Quickly some people spoke like Hegel about the „End of Art“ (or like the german art-historian Hans Belting about the end of art-history). And the critical remakes of the curators of the here presented exhibition seem to be in some aspects similar to those predictions. Since renaissance times, paintings in concordance with the emerging modern sciences opened the reality. And in the epoch of the classical modernity at least the principles of the production of pictures and the processes of perception were represented. Today however in an age of simulacrums (to speak with Jean Baudrillard, a philosopher who has inspired a lot of artists presented here) one could think, pictures (including art-pictures) became more and more medias of concealing. This suggestion is countered by Bernd Imminger attempts towards a materialization of things. There is a fear that optical stimulations could become indistinguishable and inure. And in fact this is a problem especially for performances, installations and video-art (even though they are always accompanied by the fascination of vivid moved Pictures as the Japanese garden of the Reinigungsgesellschaft, the ceremonial reading poem by Janusz Baldyga or the subtile “Language of Roots” by Suzy Sureck). Soltysik put it in the following way: „The contemporary is rather pictural in nature, idea has been marginalized […] pictures in our lives induces a sense of being lost or immunizes us against them by creating and augmenting tried reception of such pictures which consequently makes them neutral (e.g. another murder every evening).” This is also true for other spheres of culture, like religion and art. We may live in an situation not without critique, but – In contrast to the intentions of the artists in this exhibition – with a pseudo-reconciliation of critical attitudes and a glade acceptance of the status quo. That is strictly against the normative motto of Theodor W. Adorno that there is now true live in false conditions (Adorno). Is this the message of the interview film with Grit Ruhland about the “little world improvement” with an self-centred view on an social and natural environment in continuous change?
Art – that is the leading idea of this exhibition – should be more than a contribution to luxury consumption. Because of this Camouflash tries to encourage a critique after the end of the ubiquitary culture of criticism: „After 1968 perhaps faster than ever before, culture became governed by the market-forces: supply and demand.“ It is a long way from the West-Berlin “Comune I” emphasis to Gabriele Horndasch’s black people arrest.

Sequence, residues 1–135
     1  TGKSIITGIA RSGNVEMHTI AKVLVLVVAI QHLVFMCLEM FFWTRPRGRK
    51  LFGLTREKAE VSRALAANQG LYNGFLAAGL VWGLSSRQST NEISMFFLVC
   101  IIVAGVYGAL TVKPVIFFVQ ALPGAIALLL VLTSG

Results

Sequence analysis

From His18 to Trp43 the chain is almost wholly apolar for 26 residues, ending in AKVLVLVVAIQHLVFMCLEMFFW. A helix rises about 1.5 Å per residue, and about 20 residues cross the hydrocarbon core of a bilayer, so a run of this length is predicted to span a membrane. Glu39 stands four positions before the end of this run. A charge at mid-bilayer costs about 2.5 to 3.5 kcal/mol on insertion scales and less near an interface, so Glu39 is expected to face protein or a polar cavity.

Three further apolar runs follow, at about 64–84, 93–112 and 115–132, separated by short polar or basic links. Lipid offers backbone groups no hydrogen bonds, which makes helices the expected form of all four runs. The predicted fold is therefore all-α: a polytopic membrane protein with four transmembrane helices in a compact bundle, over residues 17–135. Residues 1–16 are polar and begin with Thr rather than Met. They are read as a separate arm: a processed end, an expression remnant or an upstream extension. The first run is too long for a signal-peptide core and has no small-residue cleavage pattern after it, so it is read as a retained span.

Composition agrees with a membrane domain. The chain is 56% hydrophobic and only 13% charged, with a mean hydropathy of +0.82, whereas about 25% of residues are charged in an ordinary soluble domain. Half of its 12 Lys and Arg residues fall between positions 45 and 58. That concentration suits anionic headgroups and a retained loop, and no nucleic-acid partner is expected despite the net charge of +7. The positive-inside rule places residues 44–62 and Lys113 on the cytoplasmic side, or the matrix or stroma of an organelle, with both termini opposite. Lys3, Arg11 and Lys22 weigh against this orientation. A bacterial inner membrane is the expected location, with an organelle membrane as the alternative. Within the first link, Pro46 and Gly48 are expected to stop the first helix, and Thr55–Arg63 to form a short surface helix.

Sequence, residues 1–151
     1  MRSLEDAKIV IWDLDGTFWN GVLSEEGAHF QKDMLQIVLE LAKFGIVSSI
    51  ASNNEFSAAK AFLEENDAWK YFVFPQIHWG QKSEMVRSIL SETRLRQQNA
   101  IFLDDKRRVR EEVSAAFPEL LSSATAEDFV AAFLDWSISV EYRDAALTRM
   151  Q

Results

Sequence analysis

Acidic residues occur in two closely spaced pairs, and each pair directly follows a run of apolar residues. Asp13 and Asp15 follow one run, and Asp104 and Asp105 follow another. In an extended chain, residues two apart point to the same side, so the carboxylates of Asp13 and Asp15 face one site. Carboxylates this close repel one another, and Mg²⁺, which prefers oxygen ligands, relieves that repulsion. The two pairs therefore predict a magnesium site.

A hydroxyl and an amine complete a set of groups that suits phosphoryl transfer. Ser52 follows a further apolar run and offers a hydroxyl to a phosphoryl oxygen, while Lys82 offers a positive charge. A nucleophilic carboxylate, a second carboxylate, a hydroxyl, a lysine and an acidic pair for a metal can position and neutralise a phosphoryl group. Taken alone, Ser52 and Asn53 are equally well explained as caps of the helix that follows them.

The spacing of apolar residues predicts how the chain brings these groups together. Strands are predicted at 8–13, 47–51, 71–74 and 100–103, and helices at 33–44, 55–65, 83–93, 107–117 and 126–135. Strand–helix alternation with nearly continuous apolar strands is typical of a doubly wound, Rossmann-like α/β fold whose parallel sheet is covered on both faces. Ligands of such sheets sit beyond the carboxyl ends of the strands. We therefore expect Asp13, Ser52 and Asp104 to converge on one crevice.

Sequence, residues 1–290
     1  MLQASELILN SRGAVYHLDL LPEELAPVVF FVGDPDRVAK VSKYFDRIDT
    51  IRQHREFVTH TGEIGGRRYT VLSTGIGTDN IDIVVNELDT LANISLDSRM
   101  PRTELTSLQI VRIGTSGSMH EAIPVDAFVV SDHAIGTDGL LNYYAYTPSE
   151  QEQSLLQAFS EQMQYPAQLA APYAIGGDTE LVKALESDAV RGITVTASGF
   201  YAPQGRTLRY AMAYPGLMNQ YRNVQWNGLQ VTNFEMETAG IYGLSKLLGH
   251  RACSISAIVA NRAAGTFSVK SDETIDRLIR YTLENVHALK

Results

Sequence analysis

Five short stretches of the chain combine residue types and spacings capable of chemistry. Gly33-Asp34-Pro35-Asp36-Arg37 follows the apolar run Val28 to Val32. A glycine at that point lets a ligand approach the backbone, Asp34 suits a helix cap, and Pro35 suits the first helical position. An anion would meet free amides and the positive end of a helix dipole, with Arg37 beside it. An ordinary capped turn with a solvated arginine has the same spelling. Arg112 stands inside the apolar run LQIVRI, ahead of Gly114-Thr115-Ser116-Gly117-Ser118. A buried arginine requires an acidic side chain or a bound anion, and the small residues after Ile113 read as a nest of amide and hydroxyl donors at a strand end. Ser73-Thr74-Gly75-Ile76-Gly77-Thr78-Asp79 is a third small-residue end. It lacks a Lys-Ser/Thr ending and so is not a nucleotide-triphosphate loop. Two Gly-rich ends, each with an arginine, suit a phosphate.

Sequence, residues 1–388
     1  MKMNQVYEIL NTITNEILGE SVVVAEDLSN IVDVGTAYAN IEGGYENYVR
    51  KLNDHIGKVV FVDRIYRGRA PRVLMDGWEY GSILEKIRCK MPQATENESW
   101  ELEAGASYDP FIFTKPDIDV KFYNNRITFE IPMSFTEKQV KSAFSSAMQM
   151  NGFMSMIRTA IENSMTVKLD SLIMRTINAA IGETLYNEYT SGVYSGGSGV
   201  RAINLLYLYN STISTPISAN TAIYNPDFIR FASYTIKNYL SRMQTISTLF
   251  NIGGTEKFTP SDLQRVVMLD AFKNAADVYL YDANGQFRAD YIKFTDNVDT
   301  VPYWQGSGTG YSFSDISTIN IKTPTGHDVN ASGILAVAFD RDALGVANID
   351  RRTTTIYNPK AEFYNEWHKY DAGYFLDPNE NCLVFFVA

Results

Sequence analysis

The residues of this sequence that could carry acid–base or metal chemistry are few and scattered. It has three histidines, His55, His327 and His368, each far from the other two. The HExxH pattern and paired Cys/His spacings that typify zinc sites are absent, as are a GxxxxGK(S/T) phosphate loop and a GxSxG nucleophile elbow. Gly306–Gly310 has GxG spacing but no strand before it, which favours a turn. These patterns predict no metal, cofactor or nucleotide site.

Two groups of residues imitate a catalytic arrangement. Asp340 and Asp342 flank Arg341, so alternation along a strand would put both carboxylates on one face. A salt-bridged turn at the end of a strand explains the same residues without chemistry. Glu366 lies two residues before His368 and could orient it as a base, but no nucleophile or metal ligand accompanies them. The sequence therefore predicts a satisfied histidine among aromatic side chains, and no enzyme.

That may show the social illness of materialism and consumerism in western societies, which makes “flash” also a symbol of the short lived desire. But critical reflection in arts, in philosophy and social sciences and in public debates should be an antitoxin against this.


PRESS RELEASE

The group UNOACTU, in cooperation with the Patio Art Centre Lodz, has been working on planning and realizing the exhibition CAMOUFLASH – DISAPPEARING IN ART since November 2007.  From the 30th of August until the 14th of September 2008, more than 50 positions of modern contemporary art will be exhibited in the building „Prager Spitze“ (across from Dresden's central train station).

CAMOUFLASH began as a artists' conference by the same name that was led by the polish artist and curator Marius Soltysik, in Lodz. The aim of the conference was for the artists create their art according to a given topic. The topic was schizophrenia of modern humanity: the dichotomy of being camouflaged yet also standing out within society.
Soltysiks approach was adopted by UNOACTU and was conceptually as well as thematically broadened with the subtitle DISAPPEARING IN ART.  The concept is based on Baudrillard's theories and was compared with the works of other philsophers who shared similar ideas. In order to create an exhibition based on these philosophical findings, the curators looked specifically for artists whose work dealt with these topics. The location of the exhibition was likewise a consious decision: right next to the shopping mall, the location instantly underscores the themes of the exhibition. It's relevence is shown in the extreme.

The curator team was able to garner the interest of artists from around the world: Japan, the USA, Australia, India and several european countries. They were also able to set up an intensive exhchange between German and Polish artists. Indeed many of these artists will be present for the opening of the exhibition on the 29th of August 2008. A special event of the evening will be the performance from the American artist Katherine Behar, on the Prager Strasse. This will begin an hour before the official opening at 8 pm.

A selection of the artworks - roughly half of the exhibition - will be presented at the MEDIATIONS Biennale in Poznan (www.mediations.pl).

The project was supported by the Kulturstiftung Sachsen, The Institute of Foreign Relations and the Department of Cultural and Monument Conservation in Dresden. We thank them all.

Without the help of numerous friends, external colleagues and partners, the realization of th exhibition would not have been possible. We also thank them for their generous support.